The Manager-Chief Engineer recommended that the Water Board approve the DEPARTMENT OF WATER SUPPLY, WAIĀKEA OFFICE PLAZA LANDSCAPE IMPROVEMENTS project, and allow the Department to proceed with plans and bidding process.

MOTION: Mr. Taniguchi moved to approve; seconded by Mr. Robinson.

The Manager-Chief Engineer said this matter was coming before the Board because the proposed removal of the trees involves C.I.P. monies. The trees in question pose a huge liability on DWS, he said. The trees may fall on DWS’s building or on the neighbors’ buildings, or on vehicles in the parking lot outside DWS. Once the trees are removed, DWS will landscape the area with native plants that will beautify the surroundings. DWS may come in for some flak from tree lovers, but the trees hanging over DWS’s property make the Manager-Chief Engineer very nervous. To remove the trees, DWS must go out to bid. He noted that Mr. Inaba was passing around a photo of a large tree branch that fell in the parking lot a couple of days ago. Fortunately, the branch did not cause any injury or property damage.

Ms. Lee Loy asked about the status of the Special Management Area (SMA) assessment.

Mr. Inaba said that it was approved by the Planning Department, and no further action is required.

Mr. Robinson noted that he had never actually set foot in the DWS main building. He asked whether there were a meeting room on the premises.

The Manager-Chief Engineer said there was a small conference room, but it was a bit too tight a fit for a Water Board meeting.

ACTION: Motion carried unanimously by voice vote.

8) NORTH KONA:

A. PARTIAL RELEASE OF AGREEMENT RE: TMK 7-5-020:079:

TMK 7-5-020:079 is one of the lots within the Stanford Carr Kahakai Estates subdivision, which are covered by the conditions of an Irrigation Agreement with the Department of Water Supply.

According to the subdivision plans, the subject lot was set aside and designated to become either a park or to be annexed to the Kahakai Elementary School on the adjacent lot. Note that the school was not part of the subdivision, and was never subject to the irrigation agreement. All of the water that was available through the irrigation meter is being used for landscaping on other community lots within the subdivision, and the subject lot was never developed into a park. The Department of Education (DOE) has opted to take over the parcel for the benefit of the school. However, DOE viewed the inclusion of the subject lot in the irrigation agreement to be an encumbrance on the property. There is wording within the irrigation agreement that suggests the property owner might be jointly liable to help fund a future irrigation system to benefit the subdivision. Therefore, DOE is seeking to have the Water Board execute the Partial Release of Agreement document with respect to the subject parcel only.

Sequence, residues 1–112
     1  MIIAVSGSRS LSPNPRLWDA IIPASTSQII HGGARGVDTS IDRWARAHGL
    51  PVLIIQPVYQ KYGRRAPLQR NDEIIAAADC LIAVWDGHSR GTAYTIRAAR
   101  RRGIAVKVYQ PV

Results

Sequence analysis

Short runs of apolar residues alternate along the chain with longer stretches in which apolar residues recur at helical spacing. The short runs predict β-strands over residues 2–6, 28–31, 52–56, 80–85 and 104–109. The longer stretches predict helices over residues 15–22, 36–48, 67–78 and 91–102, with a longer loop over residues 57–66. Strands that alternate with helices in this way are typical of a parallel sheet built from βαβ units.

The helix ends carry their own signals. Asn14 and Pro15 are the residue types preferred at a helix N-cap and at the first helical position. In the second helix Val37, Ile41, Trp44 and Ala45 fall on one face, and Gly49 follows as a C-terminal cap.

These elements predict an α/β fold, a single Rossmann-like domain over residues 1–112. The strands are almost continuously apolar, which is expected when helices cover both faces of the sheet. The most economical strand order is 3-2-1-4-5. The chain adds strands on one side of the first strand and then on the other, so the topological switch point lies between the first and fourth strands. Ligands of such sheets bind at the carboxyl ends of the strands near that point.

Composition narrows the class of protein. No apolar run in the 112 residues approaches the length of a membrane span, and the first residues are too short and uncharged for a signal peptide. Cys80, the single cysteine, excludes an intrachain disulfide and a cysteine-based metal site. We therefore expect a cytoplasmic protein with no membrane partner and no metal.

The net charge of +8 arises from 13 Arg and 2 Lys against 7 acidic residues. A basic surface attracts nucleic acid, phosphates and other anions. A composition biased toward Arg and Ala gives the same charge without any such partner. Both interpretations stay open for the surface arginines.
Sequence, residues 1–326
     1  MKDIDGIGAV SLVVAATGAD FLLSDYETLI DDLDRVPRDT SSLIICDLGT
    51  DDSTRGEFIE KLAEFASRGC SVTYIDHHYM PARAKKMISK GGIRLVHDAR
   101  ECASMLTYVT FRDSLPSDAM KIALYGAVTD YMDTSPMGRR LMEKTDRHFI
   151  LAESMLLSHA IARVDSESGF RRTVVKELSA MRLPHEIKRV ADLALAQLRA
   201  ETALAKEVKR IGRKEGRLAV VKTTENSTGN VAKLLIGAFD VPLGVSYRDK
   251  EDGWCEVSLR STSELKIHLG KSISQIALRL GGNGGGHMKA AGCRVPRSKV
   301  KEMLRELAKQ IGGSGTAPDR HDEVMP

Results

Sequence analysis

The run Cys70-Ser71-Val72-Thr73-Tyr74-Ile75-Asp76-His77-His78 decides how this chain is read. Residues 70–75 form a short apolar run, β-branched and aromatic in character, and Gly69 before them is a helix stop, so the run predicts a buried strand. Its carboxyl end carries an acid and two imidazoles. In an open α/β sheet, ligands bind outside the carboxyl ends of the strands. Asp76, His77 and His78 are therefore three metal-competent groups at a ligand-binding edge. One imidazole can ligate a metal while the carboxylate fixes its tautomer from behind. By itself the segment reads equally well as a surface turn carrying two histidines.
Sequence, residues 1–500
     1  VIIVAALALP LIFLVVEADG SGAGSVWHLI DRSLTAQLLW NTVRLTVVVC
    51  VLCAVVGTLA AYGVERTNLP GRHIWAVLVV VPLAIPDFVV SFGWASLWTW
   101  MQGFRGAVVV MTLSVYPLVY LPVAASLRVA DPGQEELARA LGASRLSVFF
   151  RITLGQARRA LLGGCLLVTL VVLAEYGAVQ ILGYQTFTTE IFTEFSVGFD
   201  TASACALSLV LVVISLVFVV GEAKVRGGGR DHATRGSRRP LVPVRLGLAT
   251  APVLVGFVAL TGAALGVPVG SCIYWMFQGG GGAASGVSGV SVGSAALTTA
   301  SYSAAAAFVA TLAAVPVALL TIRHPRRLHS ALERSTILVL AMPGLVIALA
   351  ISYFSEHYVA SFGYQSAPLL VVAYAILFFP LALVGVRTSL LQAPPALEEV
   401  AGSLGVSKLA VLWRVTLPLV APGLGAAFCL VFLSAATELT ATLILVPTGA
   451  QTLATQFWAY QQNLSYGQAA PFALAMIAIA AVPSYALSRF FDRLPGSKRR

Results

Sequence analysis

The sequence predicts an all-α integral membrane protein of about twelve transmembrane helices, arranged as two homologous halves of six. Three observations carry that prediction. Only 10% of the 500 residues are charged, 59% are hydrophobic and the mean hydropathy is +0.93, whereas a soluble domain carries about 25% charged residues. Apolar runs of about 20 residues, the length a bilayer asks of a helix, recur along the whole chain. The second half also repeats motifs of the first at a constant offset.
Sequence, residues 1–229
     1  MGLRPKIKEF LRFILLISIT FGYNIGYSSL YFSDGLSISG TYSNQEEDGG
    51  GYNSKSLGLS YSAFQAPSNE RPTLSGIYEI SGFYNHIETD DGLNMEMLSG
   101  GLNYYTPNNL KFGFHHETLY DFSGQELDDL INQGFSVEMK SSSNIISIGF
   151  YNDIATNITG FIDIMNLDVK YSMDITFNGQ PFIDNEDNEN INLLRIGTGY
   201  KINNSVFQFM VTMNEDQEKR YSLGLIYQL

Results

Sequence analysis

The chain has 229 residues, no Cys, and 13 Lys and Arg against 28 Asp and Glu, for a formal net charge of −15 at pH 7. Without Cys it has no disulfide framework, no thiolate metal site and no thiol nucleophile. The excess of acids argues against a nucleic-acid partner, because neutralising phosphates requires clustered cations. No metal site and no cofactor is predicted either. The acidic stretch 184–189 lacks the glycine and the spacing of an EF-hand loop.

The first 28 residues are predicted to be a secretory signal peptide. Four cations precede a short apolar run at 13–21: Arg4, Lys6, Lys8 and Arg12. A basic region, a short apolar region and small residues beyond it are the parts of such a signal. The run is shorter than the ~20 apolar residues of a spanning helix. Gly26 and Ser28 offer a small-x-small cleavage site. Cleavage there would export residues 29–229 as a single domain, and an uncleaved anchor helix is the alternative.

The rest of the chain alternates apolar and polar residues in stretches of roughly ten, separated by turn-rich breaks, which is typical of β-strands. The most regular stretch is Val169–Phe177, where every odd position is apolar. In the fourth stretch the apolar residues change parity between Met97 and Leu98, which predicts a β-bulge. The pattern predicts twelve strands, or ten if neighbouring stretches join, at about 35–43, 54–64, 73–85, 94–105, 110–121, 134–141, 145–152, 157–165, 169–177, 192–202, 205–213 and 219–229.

Staff has reviewed the agreement and recommends that the Water Board execute the Partial Release of Agreement document for TMK 7-5-020:079. The Irrigation Agreement will otherwise remain intact for all of the other applicable lots within the Kahakai Estates Subdivision.

The Manager-Chief Engineer recommended that the Board approve the PARTIAL RELEASE OF AGREEMENT RE: TMK 7-5-020:079, subject to review as to form and legality by Corporation Counsel, and the Chairperson or Vice-Chairperson be authorized to sign the document.

MOTION: Mr. Taniguchi moved to approve; seconded by Mr. Arikawa.

The Manager-Chief Engineer said that the property owner, Stanford Carr Development, will be transferring over a portion of this property to the State for school use. He noted that Stanford Carr Development has an agreement for landscape irrigation service, whereby the property owner pays a higher bloc rate for water use. The request here is that Stanford Carr Development be partially released from that agreement; when the State takes over the portion of the property, the State will be obtaining their own water service. This request just releases that portion of the property from the irrigation agreement, he said.